2016 In Movies

I saw some movies in 2016. Let’s review them all with Tweet-sized reviews.

Honorable Mentions: Movies I saw In 2016 That Weren’t Released This Year

  1. Ex Machina
    Seriously beautiful and atmospheric sci-fi that makes you think. You’ll remember the music, and the performances of Isaac and Vikander. 5/5
  2. Bladerunner: Theatrical Cut
    Iconic cyberpunk aesthetic meets noir detective with cheesy voiceover and all too happy ending. AI themes surface level interesting. 4/5
  3. Only Yesterday (1991 Japanese Release, Dubbed in 2016)
    Kids in the audience probably hated this slow-paced emotionally gripping take on how childhood haunts our adult lives – but I cried. 4/5
  4. The Big Short
    This movie will make you laugh, and it will make you angry. Bale, Carell and Pitt deliver great portraits of the 2008 financial crisis. 5/5

And Everything Else…

  1. Hail, Caesar!
    Funny movie seriously hurt by misleading marketing. I enjoyed the film but felt duped by the commercials and I can’t get past that. 1/5
  2. 10 Cloverfield Lane
    John Goodman will haunt your nightmares in this claustrophobic movie. I liked the controversial ending. More Cloverfield please. 5/5
  3. Captain America: Civil War
    Zemo is the best villain a Marvel Movie’s ever had, and this movie is a shining light in a MCU that I’ve been losing interest in. 4/5
  4. Star Trek Beyond
    The best character moments a Star Trek movie has had, and a fun movie to boot – but the movie seriously lacks a good villain. 2/5
  5. Weiner
    Have you ever wanted to see a man’s life fall apart on camera? Then this documentary about Anthony Weiner’s mayoral race is for you. 4/5
  6. The Magnificent Seven
    Nice to see an action movie with some real stakes. Love Denzel and Pratt, the villain is appropriately slimy, and the crowd loved it. 4/5
  7. Doctor Strange
    Cumberbatch and Swinton make this origin story more than bearable, but the best part of the movie is that it breaks the MCU mold. 4/5
  8. Arrival
    I was captivated by the logistical problem that was at the center of the movie’s conflict, and emotionally stunned by the ending. 5/5
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Avengers: Age of Ultron (2015)

I’m glad I saw the second Avengers movie, but I also feel like I’ve seen my last Marvel comic-book-movie. Superhero fatigue is a very real thing for me; for most franchises there is an end in sight, yet the superhero movie genre is a wheel that seems to keep on spinning. Toby Maguire will be Spiderman for three movies, Andrew Garfield will be Spiderman for two movies, and somebody else will be Spiderman in the Avengers and countless movies beyond—the Spiderman wheels will keep on spinning, and it only ends when you hop off that ride. If Avengers: Age of Ultron  (AOU) is the last superhero ride I take, I’ll be okay with that.

See, AOU is a very middling experience. Its highs remind me why I see comic-book-movies. When a Marvel movie is good, it makes you laugh, it makes you want to cheer, things feel right, and you leave the movie theatre—not just satisfied—but ready to watch again. However, the lows of AOU remind me why I stayed home for the Captain America and Thor sequels. Yes, it’s partially superhero fatigue, but beyond that AOU gives me this feeling of “I’ve seen this before,” so the movie is fatiguing in its own right.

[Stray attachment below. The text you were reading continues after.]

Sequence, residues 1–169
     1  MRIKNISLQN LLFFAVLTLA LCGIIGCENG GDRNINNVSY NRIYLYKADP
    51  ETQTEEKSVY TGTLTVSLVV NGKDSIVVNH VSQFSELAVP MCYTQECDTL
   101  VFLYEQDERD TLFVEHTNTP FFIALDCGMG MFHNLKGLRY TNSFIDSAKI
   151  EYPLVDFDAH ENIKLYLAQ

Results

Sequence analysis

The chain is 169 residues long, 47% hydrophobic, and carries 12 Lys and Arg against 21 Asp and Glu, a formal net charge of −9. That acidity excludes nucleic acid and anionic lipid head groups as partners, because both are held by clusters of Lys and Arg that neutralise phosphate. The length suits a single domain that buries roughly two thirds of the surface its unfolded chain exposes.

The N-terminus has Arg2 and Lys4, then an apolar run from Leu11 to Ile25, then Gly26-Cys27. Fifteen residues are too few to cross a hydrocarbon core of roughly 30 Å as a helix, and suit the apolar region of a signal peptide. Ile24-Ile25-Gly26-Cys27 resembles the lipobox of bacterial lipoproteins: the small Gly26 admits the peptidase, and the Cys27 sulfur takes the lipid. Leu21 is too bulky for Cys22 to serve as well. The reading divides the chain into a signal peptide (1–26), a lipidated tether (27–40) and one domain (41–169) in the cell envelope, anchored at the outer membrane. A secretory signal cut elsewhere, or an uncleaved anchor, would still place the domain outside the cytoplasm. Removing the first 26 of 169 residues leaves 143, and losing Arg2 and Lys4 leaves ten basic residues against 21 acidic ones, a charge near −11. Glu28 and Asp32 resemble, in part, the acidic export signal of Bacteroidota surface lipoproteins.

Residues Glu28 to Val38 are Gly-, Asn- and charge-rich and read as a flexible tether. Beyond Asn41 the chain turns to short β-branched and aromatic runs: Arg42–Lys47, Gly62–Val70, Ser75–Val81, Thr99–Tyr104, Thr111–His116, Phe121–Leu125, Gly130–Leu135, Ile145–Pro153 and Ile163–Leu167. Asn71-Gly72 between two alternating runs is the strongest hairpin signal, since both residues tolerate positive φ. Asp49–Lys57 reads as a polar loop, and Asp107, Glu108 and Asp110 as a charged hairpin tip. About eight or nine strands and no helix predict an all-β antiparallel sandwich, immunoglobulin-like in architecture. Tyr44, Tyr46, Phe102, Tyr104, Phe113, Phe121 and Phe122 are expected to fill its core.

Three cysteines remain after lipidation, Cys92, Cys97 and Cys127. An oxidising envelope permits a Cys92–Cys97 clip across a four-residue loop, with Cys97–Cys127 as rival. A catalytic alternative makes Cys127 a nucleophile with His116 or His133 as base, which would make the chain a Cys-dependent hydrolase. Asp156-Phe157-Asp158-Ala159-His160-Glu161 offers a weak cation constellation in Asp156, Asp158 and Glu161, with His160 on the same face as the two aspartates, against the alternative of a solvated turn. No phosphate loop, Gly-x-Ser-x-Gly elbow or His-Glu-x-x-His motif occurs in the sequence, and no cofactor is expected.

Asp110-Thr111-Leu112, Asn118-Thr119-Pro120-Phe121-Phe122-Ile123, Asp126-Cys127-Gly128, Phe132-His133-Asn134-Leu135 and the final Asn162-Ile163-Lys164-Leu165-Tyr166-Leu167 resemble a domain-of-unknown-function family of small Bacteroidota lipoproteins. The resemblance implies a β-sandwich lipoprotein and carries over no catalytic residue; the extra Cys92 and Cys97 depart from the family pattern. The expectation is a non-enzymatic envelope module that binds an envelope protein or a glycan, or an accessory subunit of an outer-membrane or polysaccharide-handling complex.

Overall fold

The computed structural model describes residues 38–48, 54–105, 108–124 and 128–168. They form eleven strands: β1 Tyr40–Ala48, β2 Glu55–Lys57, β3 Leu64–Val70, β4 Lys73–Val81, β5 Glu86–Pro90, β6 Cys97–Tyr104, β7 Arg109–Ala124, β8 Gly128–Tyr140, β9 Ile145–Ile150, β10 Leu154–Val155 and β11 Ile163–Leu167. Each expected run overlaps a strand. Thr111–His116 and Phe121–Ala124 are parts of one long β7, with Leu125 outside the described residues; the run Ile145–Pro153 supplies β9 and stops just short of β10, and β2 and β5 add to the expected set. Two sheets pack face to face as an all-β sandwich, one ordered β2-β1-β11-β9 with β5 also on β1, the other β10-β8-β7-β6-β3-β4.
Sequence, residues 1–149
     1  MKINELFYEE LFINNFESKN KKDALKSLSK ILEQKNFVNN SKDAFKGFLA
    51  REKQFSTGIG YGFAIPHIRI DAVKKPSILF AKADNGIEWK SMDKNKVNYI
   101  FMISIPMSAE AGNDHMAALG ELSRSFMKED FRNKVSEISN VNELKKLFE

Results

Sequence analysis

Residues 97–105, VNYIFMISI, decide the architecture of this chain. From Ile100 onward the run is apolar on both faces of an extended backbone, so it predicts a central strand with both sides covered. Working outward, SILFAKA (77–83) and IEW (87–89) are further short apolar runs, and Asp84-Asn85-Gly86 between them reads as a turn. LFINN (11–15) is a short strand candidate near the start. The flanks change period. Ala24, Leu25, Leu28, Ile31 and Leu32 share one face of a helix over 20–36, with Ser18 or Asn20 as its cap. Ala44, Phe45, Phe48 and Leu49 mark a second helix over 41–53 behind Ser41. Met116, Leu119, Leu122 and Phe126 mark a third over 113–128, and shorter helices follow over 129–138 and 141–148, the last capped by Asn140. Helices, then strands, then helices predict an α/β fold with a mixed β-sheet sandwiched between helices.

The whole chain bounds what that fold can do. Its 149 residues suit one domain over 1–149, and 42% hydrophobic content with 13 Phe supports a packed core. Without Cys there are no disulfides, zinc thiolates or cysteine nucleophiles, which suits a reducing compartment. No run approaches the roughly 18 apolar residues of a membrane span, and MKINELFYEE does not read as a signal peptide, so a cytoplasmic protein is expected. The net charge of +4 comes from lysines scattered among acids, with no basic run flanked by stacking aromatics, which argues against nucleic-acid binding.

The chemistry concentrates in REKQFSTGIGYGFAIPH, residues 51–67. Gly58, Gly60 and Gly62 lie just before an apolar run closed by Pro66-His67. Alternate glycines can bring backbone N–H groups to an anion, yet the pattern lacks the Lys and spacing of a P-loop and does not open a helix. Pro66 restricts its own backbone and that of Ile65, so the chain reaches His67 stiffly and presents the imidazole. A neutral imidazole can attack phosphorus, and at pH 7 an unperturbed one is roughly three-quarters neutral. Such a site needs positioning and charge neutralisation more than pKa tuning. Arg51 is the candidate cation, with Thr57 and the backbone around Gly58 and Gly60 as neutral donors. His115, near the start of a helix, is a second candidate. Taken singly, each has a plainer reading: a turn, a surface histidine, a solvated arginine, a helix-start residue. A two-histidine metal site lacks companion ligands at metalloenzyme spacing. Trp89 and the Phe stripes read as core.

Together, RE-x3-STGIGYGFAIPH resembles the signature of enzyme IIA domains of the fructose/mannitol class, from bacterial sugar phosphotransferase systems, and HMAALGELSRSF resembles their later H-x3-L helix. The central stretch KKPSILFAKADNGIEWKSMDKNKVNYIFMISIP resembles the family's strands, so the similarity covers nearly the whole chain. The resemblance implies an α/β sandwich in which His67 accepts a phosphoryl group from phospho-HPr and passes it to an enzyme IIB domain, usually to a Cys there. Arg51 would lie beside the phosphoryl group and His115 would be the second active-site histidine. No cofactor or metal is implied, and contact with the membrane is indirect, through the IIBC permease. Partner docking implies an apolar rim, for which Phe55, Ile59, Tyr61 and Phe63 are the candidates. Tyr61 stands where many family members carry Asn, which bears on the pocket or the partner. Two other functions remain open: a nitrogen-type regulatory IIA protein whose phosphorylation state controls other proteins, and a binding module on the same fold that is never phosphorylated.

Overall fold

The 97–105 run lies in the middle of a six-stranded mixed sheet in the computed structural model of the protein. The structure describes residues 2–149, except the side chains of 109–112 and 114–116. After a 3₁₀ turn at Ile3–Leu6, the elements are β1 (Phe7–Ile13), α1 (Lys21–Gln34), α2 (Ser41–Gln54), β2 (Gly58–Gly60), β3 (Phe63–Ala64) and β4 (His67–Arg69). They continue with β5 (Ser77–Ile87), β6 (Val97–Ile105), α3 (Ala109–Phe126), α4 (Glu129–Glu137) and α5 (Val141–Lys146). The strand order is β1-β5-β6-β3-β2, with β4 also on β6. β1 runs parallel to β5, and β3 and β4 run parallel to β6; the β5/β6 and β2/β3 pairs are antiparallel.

There are a few things that feel outright insulting, like how the second Avengers movie ends in the exact same way as the first. The Chitauri and the endless hordes of Ultron-bots presented the same amount of challenge in each of the film’s climaxes. It’s basically a videogame. There aren’t stakes per se, or any hint of tension, the waves of robots just keep coming and each of the Avengers will do what they do to endless hordes. Cap will throw his shield, Natasha will use her guns, Thor his hammer, and Ironman will use those damn hand-cannons that I can’t stand anymore (I swear, I’m so done with their high-pitched whines). Black Widow being turned into Bruce Banner’s love interest and basically, a tool to calm down the Hulk; I mean what happened there? In the last Avengers movie she had things under control and kicked ass—in this movie she says “Beep beep” out loud while driving a motorcycle, has to be rescued from a cage by Bruce Banner, and has a crisis about her inability to have children. All the while, I’m just never that excited by what’s going down in AOU.

The movie is called Age of Ultron, but if I had to guess, I think Ultron lives for all of two or three weeks tops—less an era and more like a flash-pan-reign. Ultron, while a screen-stealing villain, was never defined well enough for me too care that much about him. Stark and Banner invent him via montage, he’s born, and he’s immediately evil and I never, ever understood his motivations other than “I will not allow myself to be Tony Stark’s puppet.” He’s not that interesting, and in the end, not that frightening—he turns into a character who sees the Hulk coming to kill him and says “Oh, come on!” The same character that’s threating to wipe out humanity should not also be comic relief; it makes the threat feel empty.

In the end, I guess I can sum up my feelings like this: I’m glad I saw AOU, as one final Avengers romp, but if I had cut myself off after the first Avengers, I think I would have been a happier person. Instead I came along for one last ride in the Marvel Cinematic Universe, and while it was fun at times, it was mostly bumpy.